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June 2012  Correctional Forum   Correctional Forum                                                                        ...
Correctional Forum  June 2012Children, continued from page 1                                                              ...
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Where Public Health and Criminal Justice Issues Meet

See our article about our public health forum in the June Correctional Forum.

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Where Public Health and Criminal Justice Issues Meet

  1. 1. June 2012  Correctional Forum Correctional Forum June 2012 A Publication of the Pennsylvania Prison SocietyPromoting a humane, just and constructive correctional system and a rational approach to criminal justice since 1787Over 95,000 Children in Pennsylvania have a Parent in PrisonNew report includes the effects on children, recommended actionsby Bridget Fifer “This last December 31, I asked the cial proceedings, care-giving shortcom- embarrassment, to the shame…” Moreinmates at the county jail how many ings, and lack of contact with incarcer- severe cases of neglect after a parent’sof them had children, and 90 per- ated parents, children across the nation arrest were mentioned in the report,cent of them raised their hands. My are experiencing such as “a child asnext question was, ‘Who was raising trauma, fear, isola- young as six yearstheir children?’” Philadelphia Mayor tion, and neglect. old who was sim-Michael Nutter’s question leads to the An example is ply left behind inbroader question of how the estimated Miss America, the apartment…95,000 children in Pennsylvania with Laura Kaeppeler, without makingincarcerated parents are affected by who experienced arrangements fortheir situation. firsthand what him and his baby it’s like to have an brother (the boy A new report entitled, “The incarcerated par- tried to take careEffects of Parental Incarceration on ent and describes of himself andChildren: Needs and Responsive the emotional his baby brotherServices” was conducted by the Joint trauma: “None State Senator Stewart Greenleaf for weeks until stresses the importance of programsState Government Commission. The of my friends for children of incarcerated parents.report finds that through the combined could relate to the Photo by Erica Zaveloff. See Childrenforces of current arrest protocol, judi- isolation, to the on page 10The Graying of Pennsylvania’s Prisons Where PublicAge 55 is considered “elderly” for prisoners Health and Criminalby Bridget Fifer Justice Issues Meet Most Pennsylvanians are aware of the rising costs of prisons, but why is so much PTSD and other traumas affectof the state budget going to the prison system? About 85,000 people in Pennsylva- prisoners and former offendersnia are incarcerated in state and county prisons. One cause of this overcrowdingis the number of people who receive a sentence of life without parole. With this sen- by Eden Leetence comes what is often referred to as the “graying” of Pennsylvania’s prisons; in- “If we don’t provide ex-offendersmates who don’t receive parole are aging within the prison system. We spoke with with the opportunity to have housing,Julia Hall, Ph.D, a professor and coordinator of the Criminal Justice Department at how can we expect them to succeed?”Drexel University, current board member and former president of the Pennsylvania asked John Wetzel, Secretary of thePrison Society, about this trend, its implications, and possible solutions. Pennsylvania Department of Correc- CF: What are some reasons for the graying of Pennsylvania’s prisons? tions at the recent public health panel: JH: Prisons were never intended to be nursing homes or mental institutions, The Nexus Between Public Healthbut if our society insists on sentences of life without parole and other long and Criminal Justice. The 200 attend-sentences, we are buying into geriatric and mental health care for incarcerated ees also heard from Estelle Richman,individuals. We leave them no option but to age and die in prison. Acting Deputy Director for the U.S. See Elderly on page 11 See Public Health on page 10www.facebook.com/PennsylvaniaPrisonSociety • www.prisonsociety.org 1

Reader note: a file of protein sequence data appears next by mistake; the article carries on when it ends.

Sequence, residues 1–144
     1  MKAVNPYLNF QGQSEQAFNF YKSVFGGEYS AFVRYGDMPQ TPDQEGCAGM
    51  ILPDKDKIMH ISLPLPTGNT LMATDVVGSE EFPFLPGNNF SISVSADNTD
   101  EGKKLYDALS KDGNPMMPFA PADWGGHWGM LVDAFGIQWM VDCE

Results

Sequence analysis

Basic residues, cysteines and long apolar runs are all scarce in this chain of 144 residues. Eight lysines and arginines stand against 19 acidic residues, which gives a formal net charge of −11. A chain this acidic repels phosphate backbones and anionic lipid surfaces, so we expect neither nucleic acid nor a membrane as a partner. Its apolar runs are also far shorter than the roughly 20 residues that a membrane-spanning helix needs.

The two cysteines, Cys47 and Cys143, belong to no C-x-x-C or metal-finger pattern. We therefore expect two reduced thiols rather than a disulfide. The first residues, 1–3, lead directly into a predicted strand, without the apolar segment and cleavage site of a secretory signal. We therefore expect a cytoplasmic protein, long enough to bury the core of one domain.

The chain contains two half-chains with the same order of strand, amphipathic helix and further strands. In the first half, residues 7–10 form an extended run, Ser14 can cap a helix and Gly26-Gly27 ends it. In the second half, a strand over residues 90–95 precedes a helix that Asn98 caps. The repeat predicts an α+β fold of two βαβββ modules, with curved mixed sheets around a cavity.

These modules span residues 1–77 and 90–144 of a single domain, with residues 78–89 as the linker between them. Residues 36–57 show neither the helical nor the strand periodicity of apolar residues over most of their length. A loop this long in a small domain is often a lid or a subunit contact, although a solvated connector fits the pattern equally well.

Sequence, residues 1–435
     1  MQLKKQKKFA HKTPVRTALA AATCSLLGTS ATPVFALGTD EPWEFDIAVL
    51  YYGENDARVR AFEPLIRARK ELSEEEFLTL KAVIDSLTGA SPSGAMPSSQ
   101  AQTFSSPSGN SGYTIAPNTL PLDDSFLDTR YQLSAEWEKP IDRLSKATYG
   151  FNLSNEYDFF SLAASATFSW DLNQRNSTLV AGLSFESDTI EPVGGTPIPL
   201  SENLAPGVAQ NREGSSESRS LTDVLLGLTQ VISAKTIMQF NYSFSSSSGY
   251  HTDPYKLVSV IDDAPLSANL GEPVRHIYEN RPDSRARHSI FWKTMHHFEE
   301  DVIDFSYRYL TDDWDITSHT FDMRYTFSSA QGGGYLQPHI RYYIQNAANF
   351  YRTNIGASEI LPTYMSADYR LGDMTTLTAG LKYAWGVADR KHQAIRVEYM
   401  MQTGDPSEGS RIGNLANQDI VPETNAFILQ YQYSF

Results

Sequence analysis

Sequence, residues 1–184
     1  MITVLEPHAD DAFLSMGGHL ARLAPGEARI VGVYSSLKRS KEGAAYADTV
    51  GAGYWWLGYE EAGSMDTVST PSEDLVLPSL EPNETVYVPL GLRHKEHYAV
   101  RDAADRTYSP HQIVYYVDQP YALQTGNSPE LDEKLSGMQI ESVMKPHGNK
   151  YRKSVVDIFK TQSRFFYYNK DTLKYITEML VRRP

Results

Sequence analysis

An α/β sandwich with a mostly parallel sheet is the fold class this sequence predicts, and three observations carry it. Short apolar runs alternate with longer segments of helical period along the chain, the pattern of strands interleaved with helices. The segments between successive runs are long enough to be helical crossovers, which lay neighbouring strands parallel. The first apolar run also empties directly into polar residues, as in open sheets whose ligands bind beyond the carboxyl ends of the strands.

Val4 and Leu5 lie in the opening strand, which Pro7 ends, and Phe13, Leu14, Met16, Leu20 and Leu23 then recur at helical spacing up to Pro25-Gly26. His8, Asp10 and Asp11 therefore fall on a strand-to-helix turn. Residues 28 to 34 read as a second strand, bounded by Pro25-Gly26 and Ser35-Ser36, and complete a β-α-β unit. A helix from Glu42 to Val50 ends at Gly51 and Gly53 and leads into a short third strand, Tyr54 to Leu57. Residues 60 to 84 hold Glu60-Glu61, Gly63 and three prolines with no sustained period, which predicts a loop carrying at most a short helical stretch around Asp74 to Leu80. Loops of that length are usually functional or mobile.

2. 2. Correctional Forum  June 2012Children, continued from page 1 Facts About Incarcerateda neighbor noticed him with the stroller and called Child ProtectiveServices).” Parents and Their Children In addition to explaining the effects incarceration of a parent has on chil- 1. Over 10 million children in the Uniteddren, the report offered specific recommendations to facilitate a less trau- States have a parent under some type ofmatizing experience for children with incarcerated parents. These include: correctional supervision — either prison, • Altering arrest procedure to include specific protocol for when jail, probation, or parole. At least 1.7 million there is a chance a child might be present at the time of arrest. children have a parent currently in prison. • Providing education to officers, caregivers, and others on how to 2. More than one in every 100 adults in handle the sensitive nature of the situation. America are in jail or prison. • Developing a more accurate means of identifying children whose parents are incarcerated, their locations, and their well-being. 3. Seventy-five percent of incarcerated • Involving incarcerated parents more thoroughly in the process of women are mothers. their child’s care-giving options. 4. Forty-six percent of all imprisoned parents • Providing emotional support for children with incarcerated par lived with at least one of their minor chil- ents, such as support groups or after school programs. dren prior to their imprisonment. The report was completed in December, then announced and dis- 5. The average age of children with an incar-cussed at a press conference in February. It was also introduced to the cerated parent is eight years old; 22 percentState Senate Judiciary Committee in Harrisburg in March, where Rev. of the children are under the age of five.Dr. Wilson Goode, Sr., Member of the Advisory Committee for the JointState Government Committee, said, “I saw in that prison a grandfather,a father, and a grandson — all in the same prison, at the same time. And they met for the first time in prison. As I wasleaving, the grandson pulled me aside and asked, ‘Dr. Goode, I have a son that I’ve never seen. Do you think I will seehim for the first time in prison, too?’” Rev. Goode’s narrative illustrates a cycle of incarceration that the recommendationsthis report makes, if implemented, can help to break. For more information: The report may be found at http://www.prisonsociety.org/adv/PDF/Effects_of_Parental_Incarceration_on_Children_Dec2011.pdfPublic Health, continued from page 1 • A large percentage of Pennsylvania’s prison popula-Department of Housing and Urban Development. A panel of tion is nonviolent, behind bars for misdemeanors.five specialists on the subject of public health also made re- • In Pennsylvania’s prisons, 17 percent of men and 48 marks based on the keynote speeches and answered questions percent of women have diagnosed mental health issues.from the audience. The event was presented by the Public • Prisoners leave the Philadelphia Prison SystemHealth Initiative of the Pennsylvania Prison Society, and with at least five days of medication, plus a 15 daysponsored by the University of the Sciences in Philadelphia prescription — if they can pay for it. Out of 5200and La Salle University’s Master of Public Health Program. prescriptions last year, only 37 were filled. Richman talked about public housing issues in great • The incarceration rate for women has grown by 800detail, especially when it comes to former prisoners finding percent over the past twenty years. Most of thesesafe and affordable housing. When individuals are released women are in their 30s and 40s and in prison forfrom incarceration, they often have no place to live. This drug infractions and other nonviolent crimes.is a major public health problem, resulting in homeless- • Nearly 80 percent of the women entering SCIness and weakened communities. Richman explained that, Muncy have suffered various forms of abuse. Awhile public housing has become more accommodating to high proportion of women enter prison suffering former offenders than in the past, many stipulations still from PTSD and various abuses.exist. “If we’re going to make an impact on those comingout of prison, we have to offer safe and affordable hous- Seeking affordable health care and housing are problemsing,” Richman said. “If we don’t spend now but spend experienced by millions of people, not just those releasedthree times as much in the future, are we really saving from prison. This suffering can be avoided if legislatorstaxpayers’ money?” amend policies that focus on public health. There is not just one solution for these problems; however, one step in the right Other facts that were highlighted in the session include: direction will decrease the suffering of many individuals. • 25 percent of former offenders are homeless upon their release. Their death rate is highest in the first For more information: View video from the day at: http:// two weeks after their release, often due to having www.youtube.com/user/PaPrisonSociety?feature=mhee no home and no access to health care. 10 www.facebook.com/PennsylvaniaPrisonSociety • www.prisonsociety.org